On the internet, you’ll find a lot of posts about safely cooking with your propane-fueled stove, how to estimate how much propane remains, how to light the burners, and “everything” you wanted to know, EXCEPT…
…what to do when you’re about to cook and you run out of propane or lighter fluid!
I’ve lived in our 15ft travel trailer for a month and have experienced both. While I may not be an expert on full-time camper living, I am quite adept at handling chaos. I am a dark fantasy writer, after all. Gods and monsters are my thing. 😉
Rules to Save Your Breakfast, Second Breakfast, Elevenses, Lunch, Afternoon Tea, and Dinner
1. Always have extra propane tanks, filled and ready to switch out the emptied.
2. Always have extra lighter or matches on hand to replace dead lighter.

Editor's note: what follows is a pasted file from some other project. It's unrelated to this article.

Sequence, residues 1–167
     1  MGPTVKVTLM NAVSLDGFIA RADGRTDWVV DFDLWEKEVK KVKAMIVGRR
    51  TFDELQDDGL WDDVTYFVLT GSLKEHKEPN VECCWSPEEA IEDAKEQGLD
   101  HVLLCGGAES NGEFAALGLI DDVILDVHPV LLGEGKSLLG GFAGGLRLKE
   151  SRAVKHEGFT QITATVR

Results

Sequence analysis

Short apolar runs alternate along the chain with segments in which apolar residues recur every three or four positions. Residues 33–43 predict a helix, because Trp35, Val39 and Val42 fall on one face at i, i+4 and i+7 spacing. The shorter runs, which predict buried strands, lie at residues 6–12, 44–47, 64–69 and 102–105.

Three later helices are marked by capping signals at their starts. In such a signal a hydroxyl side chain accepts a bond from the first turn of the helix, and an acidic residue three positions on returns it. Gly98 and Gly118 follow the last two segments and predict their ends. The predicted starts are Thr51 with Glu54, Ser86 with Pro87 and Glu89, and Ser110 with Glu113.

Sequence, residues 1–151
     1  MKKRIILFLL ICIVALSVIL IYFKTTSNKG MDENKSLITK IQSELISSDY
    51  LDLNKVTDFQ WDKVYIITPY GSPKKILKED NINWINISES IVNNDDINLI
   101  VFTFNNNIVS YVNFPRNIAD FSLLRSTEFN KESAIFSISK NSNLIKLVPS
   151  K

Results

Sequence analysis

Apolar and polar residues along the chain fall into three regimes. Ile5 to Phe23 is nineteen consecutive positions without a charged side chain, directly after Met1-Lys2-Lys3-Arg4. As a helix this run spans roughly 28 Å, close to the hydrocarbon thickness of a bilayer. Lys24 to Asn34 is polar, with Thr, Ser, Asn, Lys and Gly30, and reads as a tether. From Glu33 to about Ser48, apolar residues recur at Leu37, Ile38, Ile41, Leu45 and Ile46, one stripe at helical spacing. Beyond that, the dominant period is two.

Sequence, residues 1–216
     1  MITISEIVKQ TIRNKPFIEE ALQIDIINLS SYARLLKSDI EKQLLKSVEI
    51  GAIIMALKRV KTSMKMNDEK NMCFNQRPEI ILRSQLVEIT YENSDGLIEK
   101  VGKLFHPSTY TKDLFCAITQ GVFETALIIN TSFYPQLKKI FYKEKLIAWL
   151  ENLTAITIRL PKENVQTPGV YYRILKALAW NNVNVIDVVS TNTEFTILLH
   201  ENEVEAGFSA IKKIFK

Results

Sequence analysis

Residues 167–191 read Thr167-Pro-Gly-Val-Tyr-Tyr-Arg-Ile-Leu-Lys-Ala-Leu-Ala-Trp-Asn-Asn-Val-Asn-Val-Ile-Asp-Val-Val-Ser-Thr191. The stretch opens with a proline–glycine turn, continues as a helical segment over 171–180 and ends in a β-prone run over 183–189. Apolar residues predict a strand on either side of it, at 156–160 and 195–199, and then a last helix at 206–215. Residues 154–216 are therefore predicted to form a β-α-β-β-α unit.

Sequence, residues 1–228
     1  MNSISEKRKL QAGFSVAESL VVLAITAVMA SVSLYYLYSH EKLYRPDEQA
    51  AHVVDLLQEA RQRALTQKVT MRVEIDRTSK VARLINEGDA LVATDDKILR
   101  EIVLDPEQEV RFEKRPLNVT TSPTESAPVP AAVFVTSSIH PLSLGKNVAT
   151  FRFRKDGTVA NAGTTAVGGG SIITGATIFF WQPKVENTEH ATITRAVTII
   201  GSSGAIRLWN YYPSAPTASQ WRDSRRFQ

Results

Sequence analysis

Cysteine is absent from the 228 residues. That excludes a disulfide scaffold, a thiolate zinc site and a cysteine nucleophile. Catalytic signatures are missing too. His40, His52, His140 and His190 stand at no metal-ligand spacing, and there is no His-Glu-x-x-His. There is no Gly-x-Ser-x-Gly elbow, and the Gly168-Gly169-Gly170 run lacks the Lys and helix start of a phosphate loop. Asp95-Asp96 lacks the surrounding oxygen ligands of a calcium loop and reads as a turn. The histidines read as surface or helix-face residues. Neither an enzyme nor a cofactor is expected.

3. Always have alternative cooking methods.
–We have the convection oven microwave and an Instant Pot. Even the electric tea kettle would do to heat water for oatmeal or any other just-add-water instant foods.
4. Always stock your pantry or refrigerator with foods that don’t require cooking.
–Salads, sandwiches, cheese, hard-boiled eggs, fruits, vegetables and dip, pita bread and hummus, nut butters, seeds and nuts
Our long-reach lighter wouldn’t spark this morning, and I’d already broken the eggs and whisked them with cream and feta cheese. While we had an extra lighter, I didn’t know where Shane stored it. Perhaps that should be a rule: know where you keep your supplies. 🙂 So, I’d texted Shane but was too hungry to wait for his reply. Patience is not always my virtue. So instead of making scrambled eggs, I poured the egg mixture into a ramekin and baked a crustless quiche. 🙂
I had to eat my cinnamon-sprinkled toast and drink my green jasmine tea before eating my eggs, but in the end it worked out for me
The final rule should be: Be flexible and creative when cooking chaos happens. Because it will happen, no matter much you know about how a propane stove works or how to avoid carbon monoxide poisoning.